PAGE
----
“What my country is going through as a result of this extreme climate event is madness,” he told delagates from 190 countries, as UN climate negotiations get underway for a fortnight today in Warsaw.
“The climate crisis is madness. We can stop this madness. Right here in Warsaw.
Typhoons such as Haiyan and its impacts represent a sobering reminder to the international community that we cannot afford to procrastinate on climate action..
“Science tells us that simply, climate change will mean more intense tropical storms.
As the Earth warms up, that would include the oceans.
The energy that is stored in the waters off the Philippines will increase the intensity of typhoons and the trend we now see is that more destructive storms will be the new norm.”

However, even the ‘realists’ are pandering — from the same Guardian piece:

Separately, youth climate campaigners at the summit criticised Figueres for agreeing to give a speech at a coal conference that is taking place on the sidelines of the UN talks.
Sierra Student Coalition delegate Ashok Chandwaney said: “The secretary’s decision to engage with the coal industry ignores the reality that by attending their summit as a keynote speaker, she is legitimising their presence and succumbing to their far-reaching influence on the UNFCCC process.”

Coal and climate — WTF!

Despite it all, a warming earth will effect/affect future storms — can’t be helped.
Sort of, the proof is in the pudding:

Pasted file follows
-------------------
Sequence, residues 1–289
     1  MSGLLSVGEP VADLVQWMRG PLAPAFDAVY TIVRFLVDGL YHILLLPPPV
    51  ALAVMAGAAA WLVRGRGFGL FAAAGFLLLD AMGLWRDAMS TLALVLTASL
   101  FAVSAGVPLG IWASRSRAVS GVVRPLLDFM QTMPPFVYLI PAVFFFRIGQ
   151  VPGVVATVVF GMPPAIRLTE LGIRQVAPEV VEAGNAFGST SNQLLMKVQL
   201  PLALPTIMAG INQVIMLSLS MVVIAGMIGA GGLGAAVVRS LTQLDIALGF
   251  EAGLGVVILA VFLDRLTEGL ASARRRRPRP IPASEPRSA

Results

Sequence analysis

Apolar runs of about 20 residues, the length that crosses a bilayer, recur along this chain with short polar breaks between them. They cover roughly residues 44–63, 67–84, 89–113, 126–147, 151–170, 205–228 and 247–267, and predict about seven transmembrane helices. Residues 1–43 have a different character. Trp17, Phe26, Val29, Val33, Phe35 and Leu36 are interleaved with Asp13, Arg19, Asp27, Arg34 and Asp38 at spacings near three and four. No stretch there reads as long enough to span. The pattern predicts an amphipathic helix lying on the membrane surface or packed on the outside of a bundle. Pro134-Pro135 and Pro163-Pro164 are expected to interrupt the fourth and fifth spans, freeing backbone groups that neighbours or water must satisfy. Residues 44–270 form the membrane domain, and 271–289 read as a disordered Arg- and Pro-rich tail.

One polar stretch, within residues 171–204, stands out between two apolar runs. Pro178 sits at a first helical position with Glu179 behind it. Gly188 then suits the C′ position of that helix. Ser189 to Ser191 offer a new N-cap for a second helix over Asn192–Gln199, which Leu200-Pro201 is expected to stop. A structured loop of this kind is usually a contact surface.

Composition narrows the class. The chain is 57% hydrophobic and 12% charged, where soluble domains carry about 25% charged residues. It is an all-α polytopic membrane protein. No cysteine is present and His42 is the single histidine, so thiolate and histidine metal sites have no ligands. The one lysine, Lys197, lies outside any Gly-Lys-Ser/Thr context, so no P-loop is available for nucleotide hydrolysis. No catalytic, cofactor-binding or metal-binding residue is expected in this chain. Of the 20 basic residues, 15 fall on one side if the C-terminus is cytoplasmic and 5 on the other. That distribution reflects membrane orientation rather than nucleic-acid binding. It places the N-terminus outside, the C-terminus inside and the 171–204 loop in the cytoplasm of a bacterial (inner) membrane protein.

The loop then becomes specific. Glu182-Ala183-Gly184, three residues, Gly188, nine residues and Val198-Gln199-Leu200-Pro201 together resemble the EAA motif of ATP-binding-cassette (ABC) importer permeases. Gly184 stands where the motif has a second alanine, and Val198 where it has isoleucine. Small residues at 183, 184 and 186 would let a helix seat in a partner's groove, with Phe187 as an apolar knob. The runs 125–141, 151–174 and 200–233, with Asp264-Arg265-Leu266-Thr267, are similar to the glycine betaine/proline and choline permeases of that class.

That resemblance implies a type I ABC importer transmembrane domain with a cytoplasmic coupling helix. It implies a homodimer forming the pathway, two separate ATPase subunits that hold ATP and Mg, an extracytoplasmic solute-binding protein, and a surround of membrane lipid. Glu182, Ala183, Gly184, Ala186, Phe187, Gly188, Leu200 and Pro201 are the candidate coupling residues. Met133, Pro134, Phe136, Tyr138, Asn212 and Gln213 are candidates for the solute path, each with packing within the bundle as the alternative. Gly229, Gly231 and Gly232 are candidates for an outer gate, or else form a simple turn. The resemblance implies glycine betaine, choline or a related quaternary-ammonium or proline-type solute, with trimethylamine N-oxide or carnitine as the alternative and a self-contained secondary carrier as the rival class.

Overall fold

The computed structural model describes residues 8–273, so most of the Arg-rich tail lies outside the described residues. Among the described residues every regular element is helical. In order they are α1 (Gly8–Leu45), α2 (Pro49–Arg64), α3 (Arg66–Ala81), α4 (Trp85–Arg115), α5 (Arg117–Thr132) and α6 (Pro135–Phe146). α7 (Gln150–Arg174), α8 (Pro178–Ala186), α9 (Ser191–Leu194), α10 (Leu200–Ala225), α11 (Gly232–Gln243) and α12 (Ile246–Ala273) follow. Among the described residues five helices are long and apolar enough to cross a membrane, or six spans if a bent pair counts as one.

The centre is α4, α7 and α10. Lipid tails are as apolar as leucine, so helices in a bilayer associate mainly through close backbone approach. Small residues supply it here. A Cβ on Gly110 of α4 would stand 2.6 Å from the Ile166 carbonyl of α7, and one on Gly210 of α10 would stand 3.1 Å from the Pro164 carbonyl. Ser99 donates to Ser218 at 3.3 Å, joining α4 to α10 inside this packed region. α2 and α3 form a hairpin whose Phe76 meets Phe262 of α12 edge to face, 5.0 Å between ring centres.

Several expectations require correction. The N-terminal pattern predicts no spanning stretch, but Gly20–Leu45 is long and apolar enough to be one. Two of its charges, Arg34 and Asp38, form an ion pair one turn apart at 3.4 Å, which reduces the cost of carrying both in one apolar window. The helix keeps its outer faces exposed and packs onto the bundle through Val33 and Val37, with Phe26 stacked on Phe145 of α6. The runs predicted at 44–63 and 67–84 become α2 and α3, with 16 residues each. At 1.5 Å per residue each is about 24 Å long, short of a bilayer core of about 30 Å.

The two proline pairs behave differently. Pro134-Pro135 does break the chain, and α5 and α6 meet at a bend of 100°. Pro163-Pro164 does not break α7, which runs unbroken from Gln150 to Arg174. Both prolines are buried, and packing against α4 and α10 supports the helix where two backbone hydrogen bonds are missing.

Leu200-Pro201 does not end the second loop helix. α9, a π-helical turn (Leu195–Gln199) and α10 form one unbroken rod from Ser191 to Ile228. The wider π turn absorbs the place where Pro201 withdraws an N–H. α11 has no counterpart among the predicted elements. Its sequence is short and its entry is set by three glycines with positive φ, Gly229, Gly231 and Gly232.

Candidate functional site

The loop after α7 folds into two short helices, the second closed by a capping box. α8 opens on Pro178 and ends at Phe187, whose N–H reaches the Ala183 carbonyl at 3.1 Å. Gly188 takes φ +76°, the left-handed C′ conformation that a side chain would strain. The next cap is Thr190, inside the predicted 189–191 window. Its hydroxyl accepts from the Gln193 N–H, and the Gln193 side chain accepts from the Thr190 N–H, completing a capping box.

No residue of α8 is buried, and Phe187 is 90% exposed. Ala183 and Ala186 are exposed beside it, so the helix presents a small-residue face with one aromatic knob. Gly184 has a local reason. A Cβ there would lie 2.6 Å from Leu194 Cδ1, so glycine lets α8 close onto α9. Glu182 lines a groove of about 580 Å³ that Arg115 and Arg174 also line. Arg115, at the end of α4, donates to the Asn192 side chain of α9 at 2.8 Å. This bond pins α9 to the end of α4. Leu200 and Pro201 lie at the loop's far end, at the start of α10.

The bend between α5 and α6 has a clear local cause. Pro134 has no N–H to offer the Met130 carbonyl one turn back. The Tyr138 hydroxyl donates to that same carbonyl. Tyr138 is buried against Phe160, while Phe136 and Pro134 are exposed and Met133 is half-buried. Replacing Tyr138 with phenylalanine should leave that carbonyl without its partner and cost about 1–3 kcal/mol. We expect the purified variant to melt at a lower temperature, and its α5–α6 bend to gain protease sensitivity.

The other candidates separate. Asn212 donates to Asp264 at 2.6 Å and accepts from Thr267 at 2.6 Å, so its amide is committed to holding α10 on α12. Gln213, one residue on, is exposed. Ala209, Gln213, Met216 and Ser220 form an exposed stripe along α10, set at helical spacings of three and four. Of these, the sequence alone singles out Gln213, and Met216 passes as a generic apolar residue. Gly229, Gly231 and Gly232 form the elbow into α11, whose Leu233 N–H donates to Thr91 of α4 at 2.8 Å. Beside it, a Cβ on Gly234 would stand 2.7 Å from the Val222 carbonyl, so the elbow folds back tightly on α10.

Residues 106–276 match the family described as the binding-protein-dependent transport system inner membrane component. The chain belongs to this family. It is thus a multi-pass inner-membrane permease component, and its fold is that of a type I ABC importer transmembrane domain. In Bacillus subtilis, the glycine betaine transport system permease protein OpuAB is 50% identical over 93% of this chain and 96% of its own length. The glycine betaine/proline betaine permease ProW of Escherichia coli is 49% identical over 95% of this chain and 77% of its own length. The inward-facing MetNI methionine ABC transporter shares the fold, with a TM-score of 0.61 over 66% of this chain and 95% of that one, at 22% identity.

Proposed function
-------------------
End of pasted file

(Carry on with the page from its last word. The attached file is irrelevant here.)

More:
A lack of data on tropical cyclones has made it difficult for scientists to determine whether global warming is already affecting major storms, with only North Atlantic data on hurricanes considered robust enough over decades to identify trends.
Research, though, indicates that while there may be fewer tropical cyclones in the future, their intensity will increase.
A peer-reviewed report in Nature Geoscience published in 2010 by a team including Australia’s Dr John McBride, found that models indicate a shift towards stronger storms in the future.
“Existing modelling studies … consistently project decreases in the globally averaged frequency of tropical cyclones, by 6 to 34 per cent,” the report said.
“Balanced against this, higher-resolution modelling studies typically project substantial increases in the frequency of the most intense cyclones, and increases of the order of 20 per cent in the precipitation rate within 100 kilometres of the storm centre.”
Since the atmosphere can hold 4 to 8 per cent more water per degree of warming, scientists say rain events have the potential to get more extreme, including cyclones.
The risk is for intense rainfall and flooding when they hit land and drop their water as rainfall increases with global warming, Professor Steffen said.
“They’re packing more punch in terms of the wind and also the water vapour or rain that they are carrying.”
Much of the devastation in typhoons comes with the related storm surge.
Since climate change is already raising sea levels, the risk for severe inundation is also increasing, Dr Steffen said.

A ‘desperate‘ plea for less ‘absolute bedlam.’